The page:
Deirdre, a chamber opera

Instrumentation: flute, oboe (dbl. English horn), clarinet (dbl. bass clarinet), bassoon, horn, percussion, harp, piano, two violins, viola, cello, bass

Cast – five principle roles, three secondary roles

Full Score Excerpt Vocal Score Excerpt


Listen: Excerpts from various scenes of the opera. For voice and piano.

Performance History: Encompass New Opera Theatre, Greenfield Hall, Manhattan School of Music, New York NY, March 14, 2013, Nancy Rhodes, Stage Direction, Mara Waldman, music direction. Cast – Brittany Palmer, Deirdre; Jane Shaulis, Musician; Eapen Leubner, Naoise; David Salsbery Fry, Conchubar; Mara Waldman, piano

Duration: Two acts, 120 minutes total

Background Information: Deirdre is a chamber opera in two acts from the play by W.B. Yeats. The tale has its origins in medieval Irish literature and legend and is one of the more well-known tales to come from the Ulster Cycle of mythology. Yeats dramatized the story in his play written in 1907 during a period when he began to gain interest in promoting and championing the Irish dramatic movement. The play premiered at Dublin’s legendary Abbey Theatre, of which Yeats was one of the founders.

Before the Action: The story takes place in Celtic Ireland. Conchubar, the High King of Ulster, found the infant Deirdre in the forest and had her brought up in seclusion. Her circumstance was a mystery and her beauty made some wonder if she was human. He intended to marry her one day when she was of age. Before the wedding day, in defiance of Conchubar, she ran off and married the young king Naoise. Enraged and obsessed, Conchubar chased them far and wide for seven years before reluctantly agreeing to make peace. The setting of the opera is an isolated house in the forest where all parties have agreed to meet.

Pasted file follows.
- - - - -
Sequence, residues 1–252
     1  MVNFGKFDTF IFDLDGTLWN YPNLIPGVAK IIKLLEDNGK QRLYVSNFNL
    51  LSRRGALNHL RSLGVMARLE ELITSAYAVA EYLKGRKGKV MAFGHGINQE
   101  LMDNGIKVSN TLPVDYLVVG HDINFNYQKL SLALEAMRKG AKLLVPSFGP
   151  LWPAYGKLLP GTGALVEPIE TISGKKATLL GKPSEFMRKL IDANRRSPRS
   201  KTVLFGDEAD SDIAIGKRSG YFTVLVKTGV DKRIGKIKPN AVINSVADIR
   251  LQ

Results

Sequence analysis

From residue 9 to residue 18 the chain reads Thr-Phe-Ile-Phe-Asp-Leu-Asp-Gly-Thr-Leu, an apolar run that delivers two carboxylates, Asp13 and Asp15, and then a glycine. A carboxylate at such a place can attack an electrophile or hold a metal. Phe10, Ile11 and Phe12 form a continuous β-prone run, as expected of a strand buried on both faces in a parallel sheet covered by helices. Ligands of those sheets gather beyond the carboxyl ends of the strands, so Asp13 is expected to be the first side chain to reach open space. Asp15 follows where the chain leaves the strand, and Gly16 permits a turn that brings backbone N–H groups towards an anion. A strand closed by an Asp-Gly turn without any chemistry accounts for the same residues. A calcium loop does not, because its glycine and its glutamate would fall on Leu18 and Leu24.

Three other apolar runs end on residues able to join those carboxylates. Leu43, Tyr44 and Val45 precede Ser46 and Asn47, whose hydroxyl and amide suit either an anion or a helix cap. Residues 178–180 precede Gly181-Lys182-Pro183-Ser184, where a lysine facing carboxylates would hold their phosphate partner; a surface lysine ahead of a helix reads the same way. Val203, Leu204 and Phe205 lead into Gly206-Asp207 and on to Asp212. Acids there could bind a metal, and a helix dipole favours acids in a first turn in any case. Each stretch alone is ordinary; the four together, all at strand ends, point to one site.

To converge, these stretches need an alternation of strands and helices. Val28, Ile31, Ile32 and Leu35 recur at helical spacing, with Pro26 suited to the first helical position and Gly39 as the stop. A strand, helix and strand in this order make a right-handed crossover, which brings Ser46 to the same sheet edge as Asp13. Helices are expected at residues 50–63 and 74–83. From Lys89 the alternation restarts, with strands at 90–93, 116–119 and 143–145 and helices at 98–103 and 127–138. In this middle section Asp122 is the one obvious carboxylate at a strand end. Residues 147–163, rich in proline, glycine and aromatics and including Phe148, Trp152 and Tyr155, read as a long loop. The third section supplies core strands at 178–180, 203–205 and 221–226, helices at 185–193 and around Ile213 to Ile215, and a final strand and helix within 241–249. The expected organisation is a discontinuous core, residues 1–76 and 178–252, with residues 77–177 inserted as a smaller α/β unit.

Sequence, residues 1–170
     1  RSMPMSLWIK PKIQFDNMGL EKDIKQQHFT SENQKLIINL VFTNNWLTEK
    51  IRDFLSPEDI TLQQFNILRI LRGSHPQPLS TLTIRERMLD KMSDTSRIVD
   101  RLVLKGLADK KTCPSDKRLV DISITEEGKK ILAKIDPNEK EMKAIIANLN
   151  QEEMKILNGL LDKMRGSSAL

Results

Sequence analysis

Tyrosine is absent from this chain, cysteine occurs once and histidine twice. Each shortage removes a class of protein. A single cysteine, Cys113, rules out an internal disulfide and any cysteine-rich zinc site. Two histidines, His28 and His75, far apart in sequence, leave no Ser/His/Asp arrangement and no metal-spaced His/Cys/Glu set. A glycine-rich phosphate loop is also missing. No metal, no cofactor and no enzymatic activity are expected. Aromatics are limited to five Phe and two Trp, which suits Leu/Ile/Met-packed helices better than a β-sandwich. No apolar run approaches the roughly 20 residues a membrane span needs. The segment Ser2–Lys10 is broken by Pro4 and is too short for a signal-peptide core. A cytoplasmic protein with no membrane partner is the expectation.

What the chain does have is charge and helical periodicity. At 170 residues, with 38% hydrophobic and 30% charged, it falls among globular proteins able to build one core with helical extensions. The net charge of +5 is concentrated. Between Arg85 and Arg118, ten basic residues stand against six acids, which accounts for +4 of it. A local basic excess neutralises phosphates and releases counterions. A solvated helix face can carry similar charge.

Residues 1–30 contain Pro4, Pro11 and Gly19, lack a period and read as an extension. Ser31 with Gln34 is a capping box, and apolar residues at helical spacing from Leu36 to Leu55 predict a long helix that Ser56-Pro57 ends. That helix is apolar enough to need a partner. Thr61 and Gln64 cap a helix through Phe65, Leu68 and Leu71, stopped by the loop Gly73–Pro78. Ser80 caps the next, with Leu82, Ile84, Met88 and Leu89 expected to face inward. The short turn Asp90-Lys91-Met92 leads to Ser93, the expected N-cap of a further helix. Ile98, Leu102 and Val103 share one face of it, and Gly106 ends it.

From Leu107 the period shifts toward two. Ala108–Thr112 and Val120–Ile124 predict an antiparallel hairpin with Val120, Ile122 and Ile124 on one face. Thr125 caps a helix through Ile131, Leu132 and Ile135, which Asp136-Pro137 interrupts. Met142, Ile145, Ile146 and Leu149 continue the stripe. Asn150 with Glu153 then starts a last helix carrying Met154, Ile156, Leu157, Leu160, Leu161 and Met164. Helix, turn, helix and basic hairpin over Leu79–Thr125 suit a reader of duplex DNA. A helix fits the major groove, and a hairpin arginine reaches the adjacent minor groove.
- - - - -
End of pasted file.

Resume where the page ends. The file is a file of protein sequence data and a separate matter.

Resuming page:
Composer’s Note: I was attracted to the archaic nature of the story; I felt that there was a quality of mystery surrounding the time-period and setting. All the while, Yeats’ play was very much grounded in reality – the struggles and feelings of the characters seemed very real and present. I saw a dichotomy in these two elements, of mystery and reality, and I felt that I could construct a serious but enchanting piece of musical theater around them. The story had a thematic human element that was familiar enough to engage an audience on a basic level. The world of Deirdre seemed to be filled with danger, drama, beauty and magic. There is poetry in the language of the work, which is to be expected from Yeats, but there is also a lofty dignity that brings weight to the characters and the narrative. I felt that these characters spoke with an original and exciting voice.